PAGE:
Finances

I made it! Well, almost. Today’s the last day on my Zebit challenge and I feel pumped. I’m not going to lie, I am going to splurge on a decaf latte tomorrow. But, I have really been reminded about how much money I waste on the little indulgences. I will definitely be mindful of my spending and be using my new mantra, “When I save, I win,” to fight the urge to purchase unnecessary items. Related: Zebit Challenge Day 6: My New Budgeting Mantra

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I was reminded today of a time when I really had to get creative with budgeting…. Related: Zebit Challenge Day 4: Enough Already, Time To Prioritize Kids were a major financial curveball for my husband and I. We really hadn’t thought through how much it would change our spending habits. While we went out far less (saving money on nights on the town), we spent a lot more on things for the children. I remember realizing our budgeting strategy had to change. Especially, since I had left my lucrative corporate job and was now freelancing and starting my own little company. Income was down and expenses were up.

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Today, I woke up sick. However, instead of being able to give myself the TLC I normally do when this happens, I couldn’t. It’s annoying, frustrating, depressing - and of course, stressful. It can be the same with car trouble, taxes, home repairs, medical bills, education expenses, and more. Related: Zebit Challenge Day 2: Budgeting 101

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I’m done whining. Okay, so I’m on a budget. No use lamenting over what I can’t have. It’s wasted time and energy. I’ve got better things to do. Related: Zebit Challenge Day 3: Budgeting Curveballs (Ouch, I’ve Been Hit!)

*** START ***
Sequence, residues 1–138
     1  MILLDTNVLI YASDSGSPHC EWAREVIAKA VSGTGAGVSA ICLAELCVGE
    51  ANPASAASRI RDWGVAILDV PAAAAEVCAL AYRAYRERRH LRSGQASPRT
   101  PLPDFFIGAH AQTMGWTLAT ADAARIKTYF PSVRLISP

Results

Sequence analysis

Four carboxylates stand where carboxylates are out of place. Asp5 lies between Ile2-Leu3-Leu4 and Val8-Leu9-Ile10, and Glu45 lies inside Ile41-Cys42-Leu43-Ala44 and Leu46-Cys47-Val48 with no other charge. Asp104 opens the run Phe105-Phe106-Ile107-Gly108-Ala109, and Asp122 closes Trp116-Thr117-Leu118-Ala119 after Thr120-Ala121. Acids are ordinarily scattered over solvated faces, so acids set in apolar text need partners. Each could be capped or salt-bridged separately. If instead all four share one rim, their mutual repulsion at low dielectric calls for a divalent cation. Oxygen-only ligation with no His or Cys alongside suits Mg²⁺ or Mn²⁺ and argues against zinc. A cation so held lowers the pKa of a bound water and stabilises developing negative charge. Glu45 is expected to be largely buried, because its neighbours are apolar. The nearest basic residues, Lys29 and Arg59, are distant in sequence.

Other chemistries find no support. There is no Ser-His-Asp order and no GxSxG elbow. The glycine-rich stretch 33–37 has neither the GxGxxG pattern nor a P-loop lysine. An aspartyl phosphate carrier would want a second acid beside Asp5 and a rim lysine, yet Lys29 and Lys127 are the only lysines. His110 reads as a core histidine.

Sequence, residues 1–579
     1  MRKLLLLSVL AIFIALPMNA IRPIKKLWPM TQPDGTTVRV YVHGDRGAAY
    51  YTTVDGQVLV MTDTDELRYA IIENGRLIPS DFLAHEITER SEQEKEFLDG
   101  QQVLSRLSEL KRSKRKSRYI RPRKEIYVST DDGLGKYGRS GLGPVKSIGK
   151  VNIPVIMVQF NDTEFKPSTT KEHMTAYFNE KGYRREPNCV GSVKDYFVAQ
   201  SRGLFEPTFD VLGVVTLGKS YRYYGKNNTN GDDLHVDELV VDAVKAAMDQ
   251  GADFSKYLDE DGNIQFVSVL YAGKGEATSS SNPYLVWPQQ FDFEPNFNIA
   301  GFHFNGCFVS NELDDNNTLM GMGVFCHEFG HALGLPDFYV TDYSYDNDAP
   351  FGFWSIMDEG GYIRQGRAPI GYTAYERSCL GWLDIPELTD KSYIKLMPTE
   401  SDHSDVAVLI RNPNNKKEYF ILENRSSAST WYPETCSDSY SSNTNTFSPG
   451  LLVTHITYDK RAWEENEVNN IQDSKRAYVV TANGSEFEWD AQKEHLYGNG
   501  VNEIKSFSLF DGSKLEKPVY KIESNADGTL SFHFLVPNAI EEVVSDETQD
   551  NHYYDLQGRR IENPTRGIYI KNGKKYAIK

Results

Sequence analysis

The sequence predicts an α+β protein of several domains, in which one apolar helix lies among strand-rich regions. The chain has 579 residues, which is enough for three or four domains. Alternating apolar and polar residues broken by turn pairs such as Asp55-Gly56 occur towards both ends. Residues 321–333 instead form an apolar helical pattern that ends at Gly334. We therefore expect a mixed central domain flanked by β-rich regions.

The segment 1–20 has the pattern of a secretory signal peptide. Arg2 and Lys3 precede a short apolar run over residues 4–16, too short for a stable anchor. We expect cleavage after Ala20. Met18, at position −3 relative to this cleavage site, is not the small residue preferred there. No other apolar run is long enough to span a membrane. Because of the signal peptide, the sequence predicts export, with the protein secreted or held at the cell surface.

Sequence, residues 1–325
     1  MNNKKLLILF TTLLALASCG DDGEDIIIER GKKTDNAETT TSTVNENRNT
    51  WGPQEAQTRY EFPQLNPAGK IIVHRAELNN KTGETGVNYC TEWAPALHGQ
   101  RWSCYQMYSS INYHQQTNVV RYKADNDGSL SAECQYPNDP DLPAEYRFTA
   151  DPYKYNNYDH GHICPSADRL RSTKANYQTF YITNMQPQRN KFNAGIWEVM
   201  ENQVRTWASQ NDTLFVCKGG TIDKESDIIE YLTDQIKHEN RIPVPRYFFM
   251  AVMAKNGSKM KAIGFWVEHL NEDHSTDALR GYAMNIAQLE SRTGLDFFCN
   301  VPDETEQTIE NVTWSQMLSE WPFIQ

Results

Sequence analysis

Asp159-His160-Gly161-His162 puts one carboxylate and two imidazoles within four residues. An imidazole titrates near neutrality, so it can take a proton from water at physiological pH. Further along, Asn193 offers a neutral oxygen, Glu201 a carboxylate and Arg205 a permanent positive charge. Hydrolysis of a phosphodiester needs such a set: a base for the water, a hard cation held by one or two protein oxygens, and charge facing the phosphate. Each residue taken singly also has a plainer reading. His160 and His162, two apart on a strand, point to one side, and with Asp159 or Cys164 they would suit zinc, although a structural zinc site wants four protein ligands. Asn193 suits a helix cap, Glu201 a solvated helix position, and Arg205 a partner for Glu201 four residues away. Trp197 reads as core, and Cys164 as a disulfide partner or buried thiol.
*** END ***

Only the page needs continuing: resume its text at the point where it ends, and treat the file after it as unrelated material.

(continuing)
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Okay, I survived Day 1 of the challenge. The biggest thing I noticed was how much more I was thinking about money. Your thoughts get easily consumed with weighing the pro’s and con’s of even the smallest of purchases. That’s why I had to go into research mode… Related: Zebit Challenge Day 1: My Financial Stress Reality Check

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When Zebit asked me to take part in a 7-day budgeting challenge as part of March’s Financial Stress Awareness Month, I was intrigued, and a little hesitant. The idea of having only $7/day to spend is definitely sobering. I’m sure as you are reading this, your brain immediately went to thoughts of things you’d have to give up. So did mine.

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Once upon a time, in a land not so far from where you’re standing, (heck, it might even be exactly where you’re standing) the only thing a potential employer could know about you was what you put on your resume. Filled with information gleaned through references and the few details you chose to reveal during your interview(s). Related: Can Bad Credit Make You Unemployable? Those days are sooooo sooooo over. Today, a potential employer has no qualms about checking your social media profiles (which is why many believe that social media is the new resume). Some people have even reported that potential employers have asked for their social media passwords so that they could get a look at profiles that had been made private. (NOTE: No matter what a potential employer tells you, you are NOT obligated to share your password. In fact, asking you for your Facebook password (and your sharing it) is a violation of Facebook’s Terms of Service.) It doesn’t stop with your social media presence or online reputation. Some employers will also go as far as checking a candidate’s credit before they decide whether or not to hire someone. The primary thought behind this practice (while miles away from foolproof) is, "If you can't be trusted with your finances... how can we trust you for this job?" How do you like them apples? Here’s the thing: It might, for lack of better cliché, 'chap your hide' that your potential employer wants to do a credit check (and, to be fair, you do not have to allow them to do so… but if you’ve already handed over your social security number you probably can’t stop them from doing it), but having bad credit isn’t just bad for your job prospects. Letting your credit stay bad is terrible for your livelihood and your personal financial health, too. But you already know that. If all of this sounds like a myth or an urban legend, you need to know that it is not. Last summer CNN investigated the rumors that employers were using credit histories to deny employment. In addition to several interviews, they cited a study that found that one in ten people had been denied a very hoped for job because the potential employer didn’t like what they found when they ran a credit check. Those are some scary statistics! So what do you do? How do you make sure that your credit status doesn’t cost you that job that you need so much?

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